Fire Signage

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Regarding the notion of fire safety in the workplace, fire signs are an essential part of this.

These signs guide people to safety should a blaze occur, after all. They also point to where fire-fighting equipment such as extinguishers and safety blankets can be found. So important are they that the Regulatory Reform (Fire Safety) Order 2005 legislation insists certain signs are a legal requirement for commercial premises

So, what are these signs, and how should they be displayed? Read on to find out:

Fire Action Notice

An essential sign for all work and commercial premises these days. The Fire Action Notice outlines what staff and others should do in the event of a fire in the building. This includes informing them to sound the alarm, leave and meet at an assembly point.

Fire Exit Signs

If your building is small and the exit clear, then a Fire Exit sign may not be necessary. In larger premises, these should indicate the quickest way out of the building – especially if it's a commercial premises with visitors who are not necessarily familiar with the layout (such as a retail unit or nightclub).

Fire Equipment Signs

These indicate where fire-fighting equipment is located. A fire extinguisher is the most common piece of equipment and should have printed instructions on it informing the user how to use it. The most common way is via the acronym PASS, i.e. Pull, Aim, Squeeze and Sweep. Other fire equipment, such as fire blankets, hoses etc., should also have signs indicating where to find the equipment.

Another vital sign in the fire fighter’s arsenal is the Fire Alarm notice, i.e. indicating where this can be found in the building so that others can be alerted to the danger.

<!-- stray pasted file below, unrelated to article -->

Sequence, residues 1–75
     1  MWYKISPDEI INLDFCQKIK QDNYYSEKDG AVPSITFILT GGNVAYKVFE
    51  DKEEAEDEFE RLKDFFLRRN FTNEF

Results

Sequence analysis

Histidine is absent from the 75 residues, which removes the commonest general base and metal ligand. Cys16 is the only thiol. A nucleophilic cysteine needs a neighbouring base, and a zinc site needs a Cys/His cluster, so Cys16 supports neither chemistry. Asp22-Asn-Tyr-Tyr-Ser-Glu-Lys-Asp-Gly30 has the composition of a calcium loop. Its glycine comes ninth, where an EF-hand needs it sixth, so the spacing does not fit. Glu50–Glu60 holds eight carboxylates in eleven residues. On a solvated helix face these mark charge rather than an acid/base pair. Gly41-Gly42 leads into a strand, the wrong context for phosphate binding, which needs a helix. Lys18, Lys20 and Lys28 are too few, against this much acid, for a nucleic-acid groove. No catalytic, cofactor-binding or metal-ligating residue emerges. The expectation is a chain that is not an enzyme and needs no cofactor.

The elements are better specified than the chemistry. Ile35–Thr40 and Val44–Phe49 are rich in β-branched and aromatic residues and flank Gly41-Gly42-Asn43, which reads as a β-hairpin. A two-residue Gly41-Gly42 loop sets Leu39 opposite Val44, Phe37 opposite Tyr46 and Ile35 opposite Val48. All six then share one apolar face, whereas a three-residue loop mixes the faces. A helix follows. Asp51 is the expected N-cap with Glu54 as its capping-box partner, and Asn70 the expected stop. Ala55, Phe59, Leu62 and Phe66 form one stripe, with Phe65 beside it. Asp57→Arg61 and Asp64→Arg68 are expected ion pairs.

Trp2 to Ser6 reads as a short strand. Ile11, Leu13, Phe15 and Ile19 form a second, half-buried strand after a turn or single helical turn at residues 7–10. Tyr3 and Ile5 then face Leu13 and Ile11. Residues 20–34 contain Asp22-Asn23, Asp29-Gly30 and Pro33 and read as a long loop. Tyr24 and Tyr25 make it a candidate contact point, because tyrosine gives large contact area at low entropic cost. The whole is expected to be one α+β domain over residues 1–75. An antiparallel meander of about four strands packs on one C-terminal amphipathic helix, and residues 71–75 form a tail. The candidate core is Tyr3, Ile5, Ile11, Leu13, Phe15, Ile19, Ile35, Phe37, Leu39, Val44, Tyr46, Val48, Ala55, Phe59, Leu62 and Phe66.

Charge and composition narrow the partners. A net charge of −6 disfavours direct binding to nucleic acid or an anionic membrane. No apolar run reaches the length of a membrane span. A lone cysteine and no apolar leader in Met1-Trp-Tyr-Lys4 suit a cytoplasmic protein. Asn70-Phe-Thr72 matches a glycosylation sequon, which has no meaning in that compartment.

The Health and Safety (Safety Signs and Signals) Regulations state, “Every employer shall ensure that each employee receives suitable and sufficient instruction and training in the meaning of safety signs.“

Fire Assembly Point

The Fire Assembly Point sign indicates where people who have left the building should congregate so they can be counted. This allows whoever is in charge to work out if there are any staff remaining in the building. The sign – and location – should be far enough from the building to safeguard everyone standing there.

Fire Doors

Doors that must remain closed at all times – regardless of how hot it is outside – will have a Fire Door sign clearly visible. Their closed status is essential for slowing fire and smoke spreading throughout the building.

How signs should be positioned

To ensure your signs are displayed in the best place possible, it's a good idea to have them professionally installed. They will familiarise themselves with the layout of your premises and any fire risks it may contain.

Those working in – or visiting the building – should be able to see the signs clearly, i.e. they shouldn't be obscured by promotional posters, sale displays etc. Even if employees are familiar with the exit or location of a fire alarm, visitors will not be.

Get in touch

Regulations for the Fire Safety Act 2021 have changed recently, meaning your premises may no longer be fire compliant. In order to ensure you have the most up-to-date fire safety advice and help, call the team here at FireRite for advice.

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